As we are awaiting the disclosure of 2278 cables from the US mission in Kathmandu by Wikileaks the American Ambassador to Nepal Scott H. DeLisi issued a statement today “on the Release of Classified State Department Documents.” Here’s the full text as provided by the US embassy in Kathmandu:
President Obama and Secretary of State Hillary Rodham Clinton have made it a priority to reinvigorate America’s relationships around the world. They have been working hard to strengthen our existing partnerships and build new ones to meet shared challenges, from climate change to ending the threat of nuclear weapons to fighting disease and poverty. As the United States Ambassador to Nepal, I’m proud to be part of this effort.
Of course, even a solid relationship will have its ups and downs. We have seen that in the past few days, when documents purportedly downloaded from U.S. Defense Department computers became the subject of reports in the media. They appear to contain our diplomats’ assessments of policies, negotiations, and leaders from countries around the world as well as reports on private conversations with people inside and outside other governments.
I cannot vouch for the authenticity of any one of these documents. But I can say that the United States deeply regrets the disclosure of any information that was intended to be confidential. And we condemn it. Diplomats must engage in frank discussions with their colleagues, and they must be assured that these discussions will remain private. Honest dialogue—within governments and between them—is part of the basic bargain of international relations; we couldn’t maintain peace, security, and international stability without it. I’m sure that Nepal’s ambassadors to the United States would say the same thing. They too depend on being able to exchange honest opinions with their counterparts in Washington and send home their assessments of America’s leaders, policies, and actions.
I do believe that people of good faith recognize that diplomats’ internal reports do not represent a government’s official foreign policy. In the United States, they are one element out of many that shape our policies, which are ultimately set by the President and the Secretary of State. And those policies are a matter of public record, the subject of thousands of pages of speeches, statements, white papers, and other documents that the State Department makes freely available online and elsewhere.
But relations between governments aren’t the only concern. U.S. diplomats meet with local human rights workers, journalists, religious leaders, and others outside the government who offer their own candid insights. These conversations depend on trust and confidence as well. If an anti-corruption activist shares information about official misconduct, or a social worker passes along documentation of sexual violence, revealing that person’s identity could have serious repercussions: imprisonment, torture, even death.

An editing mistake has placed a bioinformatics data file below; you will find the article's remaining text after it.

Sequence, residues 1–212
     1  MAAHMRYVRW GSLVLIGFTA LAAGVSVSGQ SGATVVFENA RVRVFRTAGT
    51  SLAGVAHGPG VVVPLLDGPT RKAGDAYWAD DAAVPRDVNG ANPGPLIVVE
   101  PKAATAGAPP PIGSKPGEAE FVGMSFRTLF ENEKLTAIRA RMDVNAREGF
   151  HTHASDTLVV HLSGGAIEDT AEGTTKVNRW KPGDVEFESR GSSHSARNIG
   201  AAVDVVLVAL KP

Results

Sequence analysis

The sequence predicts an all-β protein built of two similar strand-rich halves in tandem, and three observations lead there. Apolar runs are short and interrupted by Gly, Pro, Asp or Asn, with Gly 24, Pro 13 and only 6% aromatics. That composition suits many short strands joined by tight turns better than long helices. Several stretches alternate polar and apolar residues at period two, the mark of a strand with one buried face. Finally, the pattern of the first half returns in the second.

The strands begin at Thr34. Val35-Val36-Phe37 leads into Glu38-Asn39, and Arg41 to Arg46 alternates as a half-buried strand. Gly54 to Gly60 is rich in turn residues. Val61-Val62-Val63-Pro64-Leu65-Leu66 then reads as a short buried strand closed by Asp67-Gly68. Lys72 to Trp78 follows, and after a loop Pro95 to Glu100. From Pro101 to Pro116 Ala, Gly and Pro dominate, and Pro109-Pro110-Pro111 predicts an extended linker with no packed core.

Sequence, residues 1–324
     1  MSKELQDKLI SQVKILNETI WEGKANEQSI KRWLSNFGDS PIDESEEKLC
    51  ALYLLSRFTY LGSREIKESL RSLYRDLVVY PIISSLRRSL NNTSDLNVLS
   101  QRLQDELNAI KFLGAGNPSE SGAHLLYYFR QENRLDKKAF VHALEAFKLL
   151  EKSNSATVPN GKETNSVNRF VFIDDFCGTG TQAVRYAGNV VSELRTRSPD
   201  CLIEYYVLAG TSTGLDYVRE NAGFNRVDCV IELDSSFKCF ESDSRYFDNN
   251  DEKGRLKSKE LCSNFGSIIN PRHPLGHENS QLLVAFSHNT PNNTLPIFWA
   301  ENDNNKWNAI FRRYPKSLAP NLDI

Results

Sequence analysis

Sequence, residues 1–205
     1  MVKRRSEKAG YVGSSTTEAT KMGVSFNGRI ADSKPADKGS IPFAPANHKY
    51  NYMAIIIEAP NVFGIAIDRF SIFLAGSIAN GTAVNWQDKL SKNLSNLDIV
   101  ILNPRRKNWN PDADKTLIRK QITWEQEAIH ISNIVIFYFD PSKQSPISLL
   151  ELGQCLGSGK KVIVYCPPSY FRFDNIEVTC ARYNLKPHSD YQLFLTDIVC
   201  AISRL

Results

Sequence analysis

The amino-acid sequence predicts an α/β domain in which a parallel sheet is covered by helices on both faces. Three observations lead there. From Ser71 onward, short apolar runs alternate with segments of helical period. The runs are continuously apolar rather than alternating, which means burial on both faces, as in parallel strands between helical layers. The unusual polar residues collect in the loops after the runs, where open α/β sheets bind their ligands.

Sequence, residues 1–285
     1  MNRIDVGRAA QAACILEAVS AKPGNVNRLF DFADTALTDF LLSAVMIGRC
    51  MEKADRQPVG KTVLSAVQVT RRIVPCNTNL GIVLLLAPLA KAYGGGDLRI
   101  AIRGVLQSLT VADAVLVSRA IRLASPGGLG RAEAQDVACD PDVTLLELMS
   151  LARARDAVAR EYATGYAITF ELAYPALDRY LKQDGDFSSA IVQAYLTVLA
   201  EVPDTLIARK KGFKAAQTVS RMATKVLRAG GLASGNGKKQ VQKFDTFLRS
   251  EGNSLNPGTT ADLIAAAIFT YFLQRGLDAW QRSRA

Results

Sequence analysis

The owners of the WikiLeaks website claim to possess some 250,000 classified documents, many of which have been released to the media. Whatever their motives are in publishing these documents, it is clear that releasing them poses real risks to real people, and often to particular people who have dedicated their lives to protecting others. An act intended to provoke the powerful may instead imperil the powerless. We support and are willing to have genuine debates about pressing questions of public policy. But releasing documents carelessly and without regard for the consequences is not the way to start such a debate.
For our part, the U.S. government is committed to maintaining the security of our diplomatic communications and is taking steps to make sure they are kept in confidence. We are moving aggressively to make sure this kind of breach does not happen again. And we will continue to work to strengthen our partnership with Nepal and make progress on the issues that are important for our two countries. We can’t afford anything less. President Obama, Secretary Clinton, and I remain committed to being trusted partners as we seek to build a better, more prosperous world for everyone.
3 responses to “American Embassy on Wikileaks Cablegate and Nepal”
Actually that is the generic statement distributed by other US Embassies around the world too.
A few months ago I have co-founded a new charity Inspired By People and we are working in partnership with organisations in developing countries to support the most vulnerable people. This includes a wonderful project in West Nepal where we set up a trauma recovery centre and mental health outreach programme that supports people in remote villages.
We recently organised a trek through the Himalayas visiting the working areas of our partnering organisation. With this we raised money for this project. We are still at the very start of it and will need to raise lots more. If you are interested in donating to us, reading more about our projects or perhaps join us on our next trek then please have a look at our website: http://www.inspiredbypeople.org
I am looking forward to hearing from you!
My website wikileaknepal.blogspot.com has got all the cablegate of emabssy of kathmandu.